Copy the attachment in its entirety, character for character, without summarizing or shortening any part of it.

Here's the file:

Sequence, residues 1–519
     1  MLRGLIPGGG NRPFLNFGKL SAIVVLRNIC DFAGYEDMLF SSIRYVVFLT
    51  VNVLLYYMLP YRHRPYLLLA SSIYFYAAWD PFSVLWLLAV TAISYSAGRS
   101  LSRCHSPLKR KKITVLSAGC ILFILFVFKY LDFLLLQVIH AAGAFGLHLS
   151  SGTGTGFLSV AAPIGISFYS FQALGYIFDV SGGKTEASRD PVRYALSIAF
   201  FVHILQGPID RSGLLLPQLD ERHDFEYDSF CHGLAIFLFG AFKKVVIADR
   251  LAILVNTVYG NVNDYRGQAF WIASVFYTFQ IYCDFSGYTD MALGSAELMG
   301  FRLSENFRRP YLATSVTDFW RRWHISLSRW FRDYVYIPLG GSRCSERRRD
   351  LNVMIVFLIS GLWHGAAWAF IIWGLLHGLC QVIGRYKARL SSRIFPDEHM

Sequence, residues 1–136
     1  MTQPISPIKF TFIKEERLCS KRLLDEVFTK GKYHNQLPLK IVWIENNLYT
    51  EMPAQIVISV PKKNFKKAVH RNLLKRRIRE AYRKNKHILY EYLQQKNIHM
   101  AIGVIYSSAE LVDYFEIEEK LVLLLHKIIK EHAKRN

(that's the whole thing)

Sequence, residues 1–519
     1  MLRGLIPGGG NRPFLNFGKL SAIVVLRNIC DFAGYEDMLF SSIRYVVFLT
    51  VNVLLYYMLP YRHRPYLLLA SSIYFYAAWD PFSVLWLLAV TAISYSAGRS
   101  LSRCHSPLKR KKITVLSAGC ILFILFVFKY LDFLLLQVIH AAGAFGLHLS
   151  SGTGTGFLSV AAPIGISFYS FQALGYIFDV SGGKTEASRD PVRYALSIAF
   201  FVHILQGPID RSGLLLPQLD ERHDFEYDSF CHGLAIFLFG AFKKVVIADR
   251  LAILVNTVYG NVNDYRGQAF WIASVFYTFQ IYCDFSGYTD MALGSAELMG
   301  FRLSENFRRP YLATSVTDFW RRWHISLSRW FRDYVYIPLG GSRCSERRRD
   351  LNVMIVFLIS GLWHGAAWAF IIWGLLHGLC QVIGRYKARL SSRIFPDEHM

Sequence, residues 1–136
     1  MTQPISPIKF TFIKEERLCS KRLLDEVFTK GKYHNQLPLK IVWIENNLYT
    51  EMPAQIVISV PKKNFKKAVH RNLLKRRIRE AYRKNKHILY EYLQQKNIHM
   101  AIGVIYSSAE LVDYFEIEEK LVLLLHKIIK EHAKRN